The Expert Field Medical Badge, or E.F.M.B., was created in 1965 as a special skill award for the recognition of exceptional competence and outstanding performance by eligible medical personnel. All U.S. Army medical personnel, officers and enlisted, and personnel serving in comparable positions are eligible for testing. Prerequisites for the test include the Army Physical Fitness Test, weapons qualification and Cardiopulmonary Resuscitation certification. The Badge is considered one of the U.S. Army’s most difficult and prestigious skill badges to earn. Historically, over the 50 years it has been available, there has been a very low percentage of success rate. According to the U.S. Army medical detachment website, http://www.ameddregiment.ameddarmy.mil, it averages a pass rate of between 15% – 17% annually.
The testing, done over the course of three consecutive days, is done in a simulated combat environment. The test includes day and night land navigation courses using a military grade compass and aerial map, a forced 12 mile road test in under 3 hours wearing full combat gear and carrying a 50lb rucksack (backpack), a litter obstacle course done in four man teams but graded individually, a 100 question test with a 75% correct or better score and “lane testing”.
Lane testing is set up in simulated combat situations including smoke, simulated explosions and gunfire with screaming simulated wounded. The wounded were live soldiers who volunteered to help with the testing. The wounded came in two categories: helpful and distressed. Distressed wounded would scream, hit, pull and trip the personnel testing. Above everything else, testers could not cause further injury to the wounded. We were to protect their lives at all costs, by any means necessary, up to and including our own life.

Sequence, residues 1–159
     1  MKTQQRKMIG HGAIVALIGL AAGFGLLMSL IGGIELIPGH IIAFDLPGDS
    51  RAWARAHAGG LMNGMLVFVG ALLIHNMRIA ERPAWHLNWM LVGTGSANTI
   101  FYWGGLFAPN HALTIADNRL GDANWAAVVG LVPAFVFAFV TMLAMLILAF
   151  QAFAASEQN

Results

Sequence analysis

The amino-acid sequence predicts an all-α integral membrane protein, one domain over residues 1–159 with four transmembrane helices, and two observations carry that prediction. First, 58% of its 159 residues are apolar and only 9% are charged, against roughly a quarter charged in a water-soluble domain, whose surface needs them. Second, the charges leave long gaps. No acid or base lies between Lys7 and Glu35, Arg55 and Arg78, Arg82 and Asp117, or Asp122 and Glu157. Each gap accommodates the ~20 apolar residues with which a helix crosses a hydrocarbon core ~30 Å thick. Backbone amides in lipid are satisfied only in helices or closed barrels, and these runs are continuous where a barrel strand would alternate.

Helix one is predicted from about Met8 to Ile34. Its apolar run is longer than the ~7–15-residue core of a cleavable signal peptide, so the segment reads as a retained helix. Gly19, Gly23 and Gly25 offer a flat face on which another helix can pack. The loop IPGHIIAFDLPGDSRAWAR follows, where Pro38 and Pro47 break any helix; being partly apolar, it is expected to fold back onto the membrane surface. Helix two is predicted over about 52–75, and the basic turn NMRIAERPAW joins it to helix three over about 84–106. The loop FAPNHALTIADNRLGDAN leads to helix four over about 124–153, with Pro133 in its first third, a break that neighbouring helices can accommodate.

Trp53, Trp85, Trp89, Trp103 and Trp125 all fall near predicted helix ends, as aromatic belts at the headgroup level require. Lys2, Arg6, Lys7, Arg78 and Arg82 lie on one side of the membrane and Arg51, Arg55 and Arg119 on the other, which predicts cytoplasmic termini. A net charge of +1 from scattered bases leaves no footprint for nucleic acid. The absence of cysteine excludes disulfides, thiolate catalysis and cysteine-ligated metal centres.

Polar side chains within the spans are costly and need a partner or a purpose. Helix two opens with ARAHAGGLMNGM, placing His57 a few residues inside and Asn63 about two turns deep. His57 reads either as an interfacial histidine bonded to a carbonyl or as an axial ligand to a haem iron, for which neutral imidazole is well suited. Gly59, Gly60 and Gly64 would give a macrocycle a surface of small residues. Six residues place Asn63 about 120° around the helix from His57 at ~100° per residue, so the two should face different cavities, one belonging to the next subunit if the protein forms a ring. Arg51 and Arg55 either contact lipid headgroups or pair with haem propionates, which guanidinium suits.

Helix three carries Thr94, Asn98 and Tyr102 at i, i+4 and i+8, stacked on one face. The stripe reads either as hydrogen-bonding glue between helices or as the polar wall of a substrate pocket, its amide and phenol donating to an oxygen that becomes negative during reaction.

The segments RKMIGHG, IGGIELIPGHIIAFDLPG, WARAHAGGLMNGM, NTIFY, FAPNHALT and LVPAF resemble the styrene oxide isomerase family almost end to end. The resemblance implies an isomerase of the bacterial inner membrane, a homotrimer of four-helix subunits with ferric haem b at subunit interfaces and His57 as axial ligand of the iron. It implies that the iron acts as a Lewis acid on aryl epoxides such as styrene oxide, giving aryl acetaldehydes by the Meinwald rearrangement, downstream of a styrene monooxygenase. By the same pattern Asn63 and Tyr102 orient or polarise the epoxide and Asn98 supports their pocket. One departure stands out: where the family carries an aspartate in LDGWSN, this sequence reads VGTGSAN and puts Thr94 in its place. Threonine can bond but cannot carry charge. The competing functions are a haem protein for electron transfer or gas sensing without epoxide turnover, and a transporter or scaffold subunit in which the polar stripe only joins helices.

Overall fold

There are five lanes in the E.F.M.B. test. Each lane is graded by a proctor. Each proctor was a soldier who had previously earned the E.F.M.B.. The Badge was considered elite and proctors were not interested in growing the ranks of awarded personnel. They made the lanes as difficult as possible. The lanes included a Communications Lane: competency with field radio techniques including the preparation and transmission of a MEDEVAC request, a Survival Lane: demonstration of survival skills in an NBC (Nuclear Biological Chemical) environment and combat situations using a M16 series rifle, the Emergency Medical Treatment Lane: demonstrate treatment and triage skills of various wounds similar to those in a combat situation, the Evacuation Lane: demonstrate Evacuation techniques utilizing vehicles and manual carries and the C.P.R. Lane: demonstrate proficiency in C.P.R. in a combat situation using the one-person method.
It was early July at Ft. Stewart Georgia. The temperatures ranged between realy hot and humid to “are you fucking kidding me? its goddamned hot!” We slept outside under the stars in foxholes we had dug once we signed in to testing area. We ate M.R.E.s, used the field method of using the restroom (bury and cover), we were kept awake through simulated invasions and explosions within our perimeter and we had no access to a shower.
This was now more an expected way of life than an inconvenience.
The Medic platoon of H.H.C. 3rd Brigade, 24th Infantry Division, 1st Batallion of the 18th Regiment had roughly 40 combat medics. Half of those Medics had been awarded the Combat Medic Badge which out ranked the E.F.M.B.. Our C.M.B. Medics didn’t have to take the test. Twenty of us boarded the bus for the 2hr ride to Ft. Stewart from Ft. Benning. C.J., my roommate, and I were the two highest ranking soldiers on the bus. C.J. spent the entire two hours explaining, in great detail, to the everyone in attendance how Americans just loved the word “expert”. He was pointing out the “potato medics” on the bus who, regardless if they became an “expert” or not, he would still consider them a potato.
I was grateful for the comical distraction. Unlike most of the passengers on that bus, I knew first hand what we were about to endure.